Okay, you are considering a career in photography and want to know if you need a college degree. Before you are up to your eyeballs in art school debt, I hope you will at least consider this advice — go to college but major in something else. And I would give the same advice to anyone considering a degree in journalism. Continue reading
There comes a time in a pilot’s career where they have to ask a difficult question: “Will this be my last flight?” For some, it comes as the ground rapidly approaches. For others, the question arises as their lives wind down and they take another look at the responsibility of piloting. Continue reading
Humans are more or less given to irrationality. It is not to say odd-defying behavior hasn’t served a purpose. After all, facing mastodons with sharp sticks, sailing canoes to distant lands or attempting to discover which mushrooms are delicious and which are deadly might not be the sanest of endeavors.
Of course, it is this same impulse that drags the desperate to whirring slot machines, bamboozles the educated into pyramid-shaped corporate structures and inspires cowboys to ride bulls. Continue reading
Seeds of Hope has an amazing mission and sees results that are truly astounding, sometimes their community-level efforts surpass even those of major well-established NGOs. This video took almost two months of work to complete. I was responsible for everything from narration and editing to animation and securing soundtrack rights.
To find out more about Seeds of Hope visit their website at www.sohip.org
This graphic was the result of several weeks of research and interviews with water agencies on California’s Central Coast. I worked closely with the heads of multiple agencies to create a detailed picture of every agency involved in local water policy. For clarity and brevity, this map does not include any public health agencies or sanitation districts. Once published, I received requests for this graphic from public agencies including the National Marine Fisheries Service (NMFS). I learned the document I had produced was unique and something the government bodies involved were eager to have. Continue reading
Bang! Hammer rings against steel. Bang! Another blow hits, this time sending molten slag streaking away from the hammer. Bang! In the glow of a forge, the hammer strikes now fall in rapid succession, taking an unassuming bar of steel and creating something more. Continue reading
Last July, the Valley Journal reported on a story about a small team of locals who were building a hospital in Haiti. As that project nears completion, we sat down with the team again to discuss their progress, experience and what still needs to be done. Continue reading
In a hilltop ranch-house with sweeping views of the Santa Ynez Valley, a group of about 15 gathered. Many were Valley dwellers, but all shared one thing in common; their passports. Passports that read like a diplomat assigned to some far-flung outpost in Africa. Kenya, Rwanda, Egypt – the bond among those gathered was their time on the African continent.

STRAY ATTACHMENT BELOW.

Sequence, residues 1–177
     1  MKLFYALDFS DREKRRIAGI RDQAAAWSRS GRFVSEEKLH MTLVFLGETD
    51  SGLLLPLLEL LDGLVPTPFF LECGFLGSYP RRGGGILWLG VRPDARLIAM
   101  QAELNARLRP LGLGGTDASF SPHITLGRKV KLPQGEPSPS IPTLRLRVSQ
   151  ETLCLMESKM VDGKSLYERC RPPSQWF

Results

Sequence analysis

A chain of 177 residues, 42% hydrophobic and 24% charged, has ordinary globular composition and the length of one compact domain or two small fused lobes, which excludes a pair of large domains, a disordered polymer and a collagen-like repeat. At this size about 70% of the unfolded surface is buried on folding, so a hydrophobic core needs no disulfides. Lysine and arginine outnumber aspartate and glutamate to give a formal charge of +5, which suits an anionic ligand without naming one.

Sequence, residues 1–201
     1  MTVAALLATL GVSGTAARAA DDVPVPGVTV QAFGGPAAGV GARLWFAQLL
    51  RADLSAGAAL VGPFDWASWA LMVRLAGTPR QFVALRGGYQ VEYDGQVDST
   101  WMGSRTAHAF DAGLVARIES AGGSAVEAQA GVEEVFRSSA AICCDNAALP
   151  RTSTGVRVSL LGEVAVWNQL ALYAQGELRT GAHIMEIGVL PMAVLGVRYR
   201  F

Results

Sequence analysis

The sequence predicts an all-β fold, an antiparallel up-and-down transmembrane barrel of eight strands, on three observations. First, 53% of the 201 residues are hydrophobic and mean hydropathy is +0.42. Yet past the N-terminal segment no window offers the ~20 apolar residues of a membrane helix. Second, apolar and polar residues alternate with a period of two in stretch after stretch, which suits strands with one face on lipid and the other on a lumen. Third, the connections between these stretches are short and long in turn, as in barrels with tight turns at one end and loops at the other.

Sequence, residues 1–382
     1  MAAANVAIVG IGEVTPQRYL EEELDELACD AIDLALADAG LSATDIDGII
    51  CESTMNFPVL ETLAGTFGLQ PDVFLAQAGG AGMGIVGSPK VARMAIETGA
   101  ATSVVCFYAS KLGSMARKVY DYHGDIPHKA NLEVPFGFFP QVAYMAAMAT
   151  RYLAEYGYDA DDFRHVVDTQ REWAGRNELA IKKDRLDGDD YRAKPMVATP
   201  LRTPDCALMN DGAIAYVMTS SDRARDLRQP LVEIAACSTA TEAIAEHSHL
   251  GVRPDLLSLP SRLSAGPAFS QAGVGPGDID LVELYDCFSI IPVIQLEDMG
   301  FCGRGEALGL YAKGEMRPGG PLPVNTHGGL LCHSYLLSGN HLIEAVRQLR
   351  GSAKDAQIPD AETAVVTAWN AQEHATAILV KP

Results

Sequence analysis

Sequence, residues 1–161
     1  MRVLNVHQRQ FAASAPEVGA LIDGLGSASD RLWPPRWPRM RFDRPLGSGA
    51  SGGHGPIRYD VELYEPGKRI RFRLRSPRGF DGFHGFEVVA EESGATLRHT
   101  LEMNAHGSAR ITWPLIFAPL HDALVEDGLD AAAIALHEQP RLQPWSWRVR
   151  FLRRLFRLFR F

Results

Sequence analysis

The new movement in endurance sports is as old as man himself. Runners convinced that if it was good enough for their ancestors, it’s good enough for them, are abandoning their cushioned shoes in favor of something less. Strapping on thin sandals, slipping into quirky foot-shaped shoes or ditching footwear altogether, these athletes believe less is more. On Saturday, a race in the Santa Ynez Valley gave them a chance to put their feet to the test.
About 30 miles west of Baghdad and 15 miles south of Fallujah, the Euphrates River jogs sharply to the south and back again to the north, creating a hairpin bend in the river’s course. The land cradled between the two sections of one river is green, contrasted to the shades of brown that make up the desert nearby. The irrigated fields are crisscrossed by dirt tracks and a larger road follows the river a few hundred feet from the bank.
It was here, just past a grove of palm trees, that an improvised explosive device (IED) took Aaron Allen’s life on Nov. 14, 2008. He was 24, on his second tour of duty in Iraq and weeks away from the end of his enlistment.
With a chill still in the air before the last twists of fog burn off the canyons, the crew of helicopter 308 is running their preflight checks, combing the aircraft like a forensic investigator at crime scene.
Ever ready, ever vigilant, the aircraft must be in peak performance to be in the air at a moment’s notice. When time or location put a victim out of reach, that is when Santa Barbara County Fire takes to the air. Continue reading